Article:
Areas of short to medium term potential that we are presented with include:
1 Promoting demand-based services like car-sharing, bike-sharing, ride-sharing schemes. 

2 Promoting e-hailing initially and then shared vehicle schemes as alternatives to private car use with the related saving in especially parking space in urban areas, 

3 Linking e-hailing schemes to assist in first/last mile solutions to access public transport networks in our cities which are not as dense as the global average, 

4 Utilising the data warehouse capability developed by the South African National Roads Agency to provide a data platform for tracking public transport operations and contracts 

5 Utilising SANRAL infrastructure and platforms for hosting a mobility account for all travellers which can then be utilised in public transport in addition to the current toll roads. 

In the near future, the same account can also allow users to pay for all mobility services from parking, public transport to tolls using this account rather than having to pay separately to multiple municipal or private vendors. This data platform and transaction processing and account hosting infrastructure of national government can also serve to enable the implementation of Account Based Ticketing in public transport services for full fare integration across different operators and travel modes.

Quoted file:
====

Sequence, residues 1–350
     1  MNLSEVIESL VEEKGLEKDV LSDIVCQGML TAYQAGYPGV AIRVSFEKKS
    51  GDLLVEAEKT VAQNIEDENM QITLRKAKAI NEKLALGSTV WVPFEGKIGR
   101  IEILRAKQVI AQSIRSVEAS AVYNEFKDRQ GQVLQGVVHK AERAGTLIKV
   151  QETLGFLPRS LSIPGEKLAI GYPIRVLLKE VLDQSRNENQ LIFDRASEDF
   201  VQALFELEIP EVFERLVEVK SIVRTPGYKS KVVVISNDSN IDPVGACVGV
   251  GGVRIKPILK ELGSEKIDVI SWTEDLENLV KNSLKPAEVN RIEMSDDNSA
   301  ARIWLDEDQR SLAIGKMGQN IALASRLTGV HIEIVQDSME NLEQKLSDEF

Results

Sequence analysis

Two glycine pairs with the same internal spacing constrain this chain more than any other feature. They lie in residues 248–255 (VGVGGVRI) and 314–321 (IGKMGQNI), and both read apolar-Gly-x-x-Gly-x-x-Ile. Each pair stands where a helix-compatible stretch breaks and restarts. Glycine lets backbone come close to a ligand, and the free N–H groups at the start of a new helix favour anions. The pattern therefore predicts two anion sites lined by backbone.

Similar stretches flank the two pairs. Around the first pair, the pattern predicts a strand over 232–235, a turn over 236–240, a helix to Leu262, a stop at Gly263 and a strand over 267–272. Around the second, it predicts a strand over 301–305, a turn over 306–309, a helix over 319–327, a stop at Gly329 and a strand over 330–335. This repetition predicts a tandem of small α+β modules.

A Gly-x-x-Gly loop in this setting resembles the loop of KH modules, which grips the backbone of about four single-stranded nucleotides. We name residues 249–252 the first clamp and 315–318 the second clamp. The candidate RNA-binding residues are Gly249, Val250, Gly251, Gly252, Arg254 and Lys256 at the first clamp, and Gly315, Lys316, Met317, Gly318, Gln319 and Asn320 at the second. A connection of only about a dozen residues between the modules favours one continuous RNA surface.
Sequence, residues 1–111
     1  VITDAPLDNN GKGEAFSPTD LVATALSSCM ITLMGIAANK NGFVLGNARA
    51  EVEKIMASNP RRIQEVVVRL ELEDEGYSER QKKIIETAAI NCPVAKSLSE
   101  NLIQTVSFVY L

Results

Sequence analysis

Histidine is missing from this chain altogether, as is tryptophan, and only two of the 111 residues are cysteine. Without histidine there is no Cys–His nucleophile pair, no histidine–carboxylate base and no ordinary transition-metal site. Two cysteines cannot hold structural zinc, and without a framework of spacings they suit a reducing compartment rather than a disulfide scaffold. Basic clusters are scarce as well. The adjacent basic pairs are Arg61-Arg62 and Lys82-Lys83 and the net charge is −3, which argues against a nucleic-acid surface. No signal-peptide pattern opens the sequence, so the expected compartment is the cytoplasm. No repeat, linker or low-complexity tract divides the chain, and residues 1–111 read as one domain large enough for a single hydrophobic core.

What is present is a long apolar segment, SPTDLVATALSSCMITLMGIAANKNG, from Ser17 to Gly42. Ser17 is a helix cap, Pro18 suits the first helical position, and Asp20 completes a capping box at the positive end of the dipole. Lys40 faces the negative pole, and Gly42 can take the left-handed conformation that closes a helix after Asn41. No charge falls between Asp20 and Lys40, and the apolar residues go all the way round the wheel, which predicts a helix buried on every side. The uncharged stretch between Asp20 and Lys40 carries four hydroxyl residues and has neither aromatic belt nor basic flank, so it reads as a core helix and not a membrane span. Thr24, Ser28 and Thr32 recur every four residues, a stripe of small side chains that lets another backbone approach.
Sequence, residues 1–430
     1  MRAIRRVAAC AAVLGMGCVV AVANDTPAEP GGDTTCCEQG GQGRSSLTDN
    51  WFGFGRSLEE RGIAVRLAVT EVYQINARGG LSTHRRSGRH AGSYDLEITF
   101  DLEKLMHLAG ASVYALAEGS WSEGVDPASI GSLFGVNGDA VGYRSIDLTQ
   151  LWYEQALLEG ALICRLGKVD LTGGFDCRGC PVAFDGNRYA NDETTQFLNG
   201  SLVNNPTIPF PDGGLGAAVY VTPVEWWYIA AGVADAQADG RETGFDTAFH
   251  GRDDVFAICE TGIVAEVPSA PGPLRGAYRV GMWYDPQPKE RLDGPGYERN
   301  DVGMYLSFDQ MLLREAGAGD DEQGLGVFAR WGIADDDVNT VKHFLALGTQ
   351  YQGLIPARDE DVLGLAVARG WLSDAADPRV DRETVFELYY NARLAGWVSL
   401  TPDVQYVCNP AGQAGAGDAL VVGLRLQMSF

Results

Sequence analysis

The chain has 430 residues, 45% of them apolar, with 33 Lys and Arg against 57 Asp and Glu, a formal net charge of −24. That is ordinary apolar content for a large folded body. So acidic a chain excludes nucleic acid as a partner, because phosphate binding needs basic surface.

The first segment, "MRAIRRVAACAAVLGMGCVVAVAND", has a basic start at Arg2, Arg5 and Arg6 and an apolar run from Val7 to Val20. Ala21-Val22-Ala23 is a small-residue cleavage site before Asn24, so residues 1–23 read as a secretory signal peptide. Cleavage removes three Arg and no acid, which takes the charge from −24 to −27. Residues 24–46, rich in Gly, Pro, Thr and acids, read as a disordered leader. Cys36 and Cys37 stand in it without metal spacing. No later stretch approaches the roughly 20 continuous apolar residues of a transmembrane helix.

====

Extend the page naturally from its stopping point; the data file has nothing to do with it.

6 Cities working closely with minibus taxis to use information systems to manage operations better and to ultimately consolidate informal sector owners into medium sized operating companies. 

7 Companies developing innovative apps to aggregate passengers and to offer shuttle type mobility solutions to large employers in lieu of them providing parking for employees.